According to Viarengo et al. [12], exposure to hydrocarbons leads to the destabilization of lysosomal membranes and therefore, a concomitant increase in protein amino acids. According to Moore et al., long-term exposure to anthracene and phenanthrene can cause lysosomal enlargement, which may be associated with chemical-induced lipidosis [8,54,55,56,57,58] and a general impairment of the lysosome’s ability to degrade its components. In general, the conditional amino acids composition in coral reef fish can be considered as a molecular approach to assess the state of pollution of marine biota.
It is important to investigate other hydrocarbon substances that may have negative effects on coral fish metabolism, such as polycyclic aromatic hydrocarbons, specifically to determine a possible link between amino acids and oil hydrocarbon intake.

3.2. TPHs and PAHs Levels in the Coral Reef Fish Samples

The Kingdom of Saudi Arabia is one of the main crude oil producers in the world. Jeddah is the largest city located on the eastern shore of the Red Sea and the economic capital of Saudi Arabia. Since the 1970s, the city has grown rapidly and developed a large number of industries, including refineries and petrochemical complexes. In addition, there are several ports where maritime traffic and accidental oil spills may constitute potential pollution sources [59]. Consequently, contamination by oil pollutants has become one of the main concerns for the authorities in the region [60]. As the coral reef area is a shallow water ecosystem, the contamination risk of hydrocarbons for different fish species is highly probable. Petroleum pollutants tend to accumulate more in living organisms than the environment. Therefore, fishes may be used as bio-indicators for the evaluation of contamination levels in an aquatic environment [61,62].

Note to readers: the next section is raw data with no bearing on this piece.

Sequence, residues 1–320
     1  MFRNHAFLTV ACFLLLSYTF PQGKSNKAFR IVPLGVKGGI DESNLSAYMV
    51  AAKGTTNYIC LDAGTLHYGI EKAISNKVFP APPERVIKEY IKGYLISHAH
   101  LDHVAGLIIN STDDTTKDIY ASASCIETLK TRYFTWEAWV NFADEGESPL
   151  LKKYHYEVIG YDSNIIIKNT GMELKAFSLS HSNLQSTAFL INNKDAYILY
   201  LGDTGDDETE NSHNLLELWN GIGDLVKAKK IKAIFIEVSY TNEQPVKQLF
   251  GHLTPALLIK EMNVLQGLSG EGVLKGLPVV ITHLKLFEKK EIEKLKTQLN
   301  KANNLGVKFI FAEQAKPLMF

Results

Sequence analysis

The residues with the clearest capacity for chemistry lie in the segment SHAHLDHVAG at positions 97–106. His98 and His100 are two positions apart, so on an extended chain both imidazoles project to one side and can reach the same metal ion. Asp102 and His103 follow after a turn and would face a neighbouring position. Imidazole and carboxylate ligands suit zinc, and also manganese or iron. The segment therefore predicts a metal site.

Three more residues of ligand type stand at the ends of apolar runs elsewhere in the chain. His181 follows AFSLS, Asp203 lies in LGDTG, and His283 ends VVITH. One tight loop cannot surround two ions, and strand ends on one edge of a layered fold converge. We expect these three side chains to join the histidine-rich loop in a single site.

Groupers were chosen as representatives of reef predators because they are relatively sedentary and do not display long-distance movement [63,64,65]. Several research studies have revealed the presence of TPHs and PAHs at various concentrations in different fish species and in several other marine vertebrates around the world [1,62,66,67,68,69].

3.3. Total Petroleum Hydrocarbon Concentrations in Tissues

P. pessuliferus fishes had higher TPHs concentrations in muscle tissue (7.4 ± 3.2 µg g−1) followed by C. argus (6.8 ± 3.6 µg g−1) and E. tauvina (4.2 ± 2.3 µg g−1) (Table 5).
Several possible causes might have been at the origin of the TPHs concentration variations, including the differences in the marine habitat, the dietary habits, and the different depths at which the fishes live in the marine environment, and the body and lipid masses [1,70]. Although other studies reported a relationship between TPHs concentrations and the lipid content in different fish species [71], no significant relationship was observed in our study. The convergent results observed in the current study can be explained by the fact that all the studied fish species were located in the same area of the coral reefs, and because they belong to the same subfamily of Epinephelinae, part of the Serranidae family.